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ORIGINAL ARTICLE
Year : 2017  |  Volume : 5  |  Issue : 1  |  Page : 9-17

A study of occurance of central venous catheter related infection and factors affecting it


1 Medicine Resident, St. Martha's Hospital, Bangalore, India
2 Head of the Department of Medicine, St. Martha's Hospital, Bangalore, India

Correspondence Address:
Jignesh Parikh Mukeshkumar
Doctor's quarters, St. Martha's Hospital, Nruputhunga road, Bangalore - 560 005
India
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Source of Support: None, Conflict of Interest: None


DOI: 10.4103/2666-1802.258864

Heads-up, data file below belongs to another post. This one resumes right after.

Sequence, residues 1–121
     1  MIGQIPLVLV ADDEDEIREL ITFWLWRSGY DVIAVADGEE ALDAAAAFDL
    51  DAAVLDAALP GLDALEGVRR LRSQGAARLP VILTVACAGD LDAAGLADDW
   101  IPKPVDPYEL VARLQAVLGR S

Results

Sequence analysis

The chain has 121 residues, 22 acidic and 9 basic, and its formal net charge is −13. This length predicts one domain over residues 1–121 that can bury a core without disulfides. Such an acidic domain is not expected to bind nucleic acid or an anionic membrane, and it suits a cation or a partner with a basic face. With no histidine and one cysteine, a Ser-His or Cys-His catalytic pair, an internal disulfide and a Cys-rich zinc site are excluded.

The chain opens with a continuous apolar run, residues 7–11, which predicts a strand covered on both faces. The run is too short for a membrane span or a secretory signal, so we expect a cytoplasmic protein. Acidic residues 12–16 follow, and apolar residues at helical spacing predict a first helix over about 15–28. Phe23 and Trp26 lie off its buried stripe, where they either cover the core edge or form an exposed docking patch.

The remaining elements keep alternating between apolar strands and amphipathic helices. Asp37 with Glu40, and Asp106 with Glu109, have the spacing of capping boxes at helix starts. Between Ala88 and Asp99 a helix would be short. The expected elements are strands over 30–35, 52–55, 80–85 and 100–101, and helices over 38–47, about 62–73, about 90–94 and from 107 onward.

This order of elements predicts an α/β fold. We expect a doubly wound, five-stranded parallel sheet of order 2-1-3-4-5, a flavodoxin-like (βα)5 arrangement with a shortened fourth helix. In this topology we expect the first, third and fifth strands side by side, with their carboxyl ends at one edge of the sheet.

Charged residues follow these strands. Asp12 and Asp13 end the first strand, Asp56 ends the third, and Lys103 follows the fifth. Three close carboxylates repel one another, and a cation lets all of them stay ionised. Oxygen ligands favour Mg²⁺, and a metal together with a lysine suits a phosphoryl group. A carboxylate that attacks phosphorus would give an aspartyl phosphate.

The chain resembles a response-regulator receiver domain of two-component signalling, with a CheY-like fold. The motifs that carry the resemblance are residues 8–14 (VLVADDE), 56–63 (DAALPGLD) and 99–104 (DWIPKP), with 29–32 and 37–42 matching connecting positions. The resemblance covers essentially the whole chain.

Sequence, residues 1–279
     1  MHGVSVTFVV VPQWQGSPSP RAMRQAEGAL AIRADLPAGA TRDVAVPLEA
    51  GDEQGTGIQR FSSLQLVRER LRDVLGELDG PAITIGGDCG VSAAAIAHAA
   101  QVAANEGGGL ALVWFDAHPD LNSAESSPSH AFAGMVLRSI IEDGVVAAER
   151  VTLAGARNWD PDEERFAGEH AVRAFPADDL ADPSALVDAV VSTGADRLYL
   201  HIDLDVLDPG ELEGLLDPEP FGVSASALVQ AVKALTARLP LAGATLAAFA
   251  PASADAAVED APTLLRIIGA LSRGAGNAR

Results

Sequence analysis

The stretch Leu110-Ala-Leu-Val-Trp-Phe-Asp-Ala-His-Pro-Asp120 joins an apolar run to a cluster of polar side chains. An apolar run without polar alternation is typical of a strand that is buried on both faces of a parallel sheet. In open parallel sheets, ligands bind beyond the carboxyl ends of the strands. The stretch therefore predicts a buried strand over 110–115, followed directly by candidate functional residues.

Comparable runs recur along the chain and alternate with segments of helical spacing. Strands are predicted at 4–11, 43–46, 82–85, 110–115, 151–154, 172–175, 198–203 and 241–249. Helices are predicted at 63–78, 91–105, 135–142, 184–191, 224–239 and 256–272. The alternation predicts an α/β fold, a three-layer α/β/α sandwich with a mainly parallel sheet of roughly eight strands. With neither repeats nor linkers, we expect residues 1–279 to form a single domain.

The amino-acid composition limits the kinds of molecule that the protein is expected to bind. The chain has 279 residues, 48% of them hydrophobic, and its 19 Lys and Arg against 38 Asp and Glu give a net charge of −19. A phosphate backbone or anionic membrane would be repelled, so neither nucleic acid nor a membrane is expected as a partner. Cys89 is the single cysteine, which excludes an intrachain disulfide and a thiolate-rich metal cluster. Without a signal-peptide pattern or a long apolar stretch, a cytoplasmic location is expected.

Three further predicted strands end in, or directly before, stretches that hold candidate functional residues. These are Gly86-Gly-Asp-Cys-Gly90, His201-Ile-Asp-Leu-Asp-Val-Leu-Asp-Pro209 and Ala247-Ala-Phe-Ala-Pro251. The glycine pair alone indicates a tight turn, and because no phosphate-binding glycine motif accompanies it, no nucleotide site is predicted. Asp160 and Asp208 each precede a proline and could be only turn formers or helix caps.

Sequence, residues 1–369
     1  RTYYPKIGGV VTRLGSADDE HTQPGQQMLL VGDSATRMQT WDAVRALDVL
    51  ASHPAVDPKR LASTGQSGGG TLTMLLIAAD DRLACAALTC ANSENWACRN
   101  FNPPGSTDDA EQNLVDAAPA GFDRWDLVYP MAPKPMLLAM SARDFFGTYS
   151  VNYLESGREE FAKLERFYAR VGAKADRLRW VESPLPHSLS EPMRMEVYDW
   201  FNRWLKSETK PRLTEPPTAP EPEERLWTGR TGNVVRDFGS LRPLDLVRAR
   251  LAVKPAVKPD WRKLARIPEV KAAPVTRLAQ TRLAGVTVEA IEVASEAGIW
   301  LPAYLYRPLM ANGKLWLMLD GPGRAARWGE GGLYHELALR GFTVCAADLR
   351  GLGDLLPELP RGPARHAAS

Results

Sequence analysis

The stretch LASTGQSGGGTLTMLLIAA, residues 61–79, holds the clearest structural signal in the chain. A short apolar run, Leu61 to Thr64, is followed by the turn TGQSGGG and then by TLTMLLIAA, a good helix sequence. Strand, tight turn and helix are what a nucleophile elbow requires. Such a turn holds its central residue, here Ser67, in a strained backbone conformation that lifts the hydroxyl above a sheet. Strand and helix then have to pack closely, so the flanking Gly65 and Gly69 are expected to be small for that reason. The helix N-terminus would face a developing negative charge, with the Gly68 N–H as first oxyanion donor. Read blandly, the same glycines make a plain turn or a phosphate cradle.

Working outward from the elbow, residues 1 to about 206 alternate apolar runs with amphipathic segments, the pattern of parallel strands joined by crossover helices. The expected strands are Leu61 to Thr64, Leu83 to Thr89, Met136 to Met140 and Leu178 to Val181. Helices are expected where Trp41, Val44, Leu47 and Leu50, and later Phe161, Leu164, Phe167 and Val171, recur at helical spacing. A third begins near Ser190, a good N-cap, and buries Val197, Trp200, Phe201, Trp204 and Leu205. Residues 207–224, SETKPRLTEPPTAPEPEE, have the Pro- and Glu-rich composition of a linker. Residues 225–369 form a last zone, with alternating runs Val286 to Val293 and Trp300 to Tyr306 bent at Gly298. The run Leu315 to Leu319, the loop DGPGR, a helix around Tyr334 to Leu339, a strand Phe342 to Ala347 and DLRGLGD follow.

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BACKGROUND AND OBJECTIVES: Central line associated bloodstream infection (CLABSI) is associated with high rates of morbidity and mortality. This study was conducted to determine the occurance of central venous catheter(CVC) related infections in our hospital and to identify the factors affecting it. STUDY DESIGN: This was a prospective, observational study carried out in St. Martha's hospital over a period of 2 years (2013 & 14). A total of 55 patients with indwelling central venous catheters for at least 3 days were included. Patients with established source of infection or taking anti-retroviral therapy were excluded. Catheter tips and peripheral blood were cultured. RESULTS: Total 51 patients with CVCs were studied for bacteriology. Of them, 41 (80.4%) patients had negative catheter tip culture and also negative blood cultures. A total of 10 (19.6%) patients developed microbial growth on catheter tip culture but negative for blood culture. They were classified as having catheter associated infection mostly due to contamination from insertion site infection. No patient developed catheter-associated bacteremia. No morality was attributable to catheter associated infection. Occurance of infection was high among patients who required multiple attempts during catheterization, less frequent times dressing changed, associated with local site infection (erythema, purulence, tenderness or induration) and increased WBC counts from baseline. As we avoided femoral vein for catheterisation, IJV was the commonest site associated with infection. Sixty percent of the isolates belonged to the CONS group. CONCLUSIONS: Occurrence of CVC related infection was 19.4%. The high rate of infection is a matter of concern to our hospital setup. We would like to use subclavian vein as preferential site for cathete rization. We have given importance to frequent change of dressings and look forward to improve skill of central venous catheter insertion.


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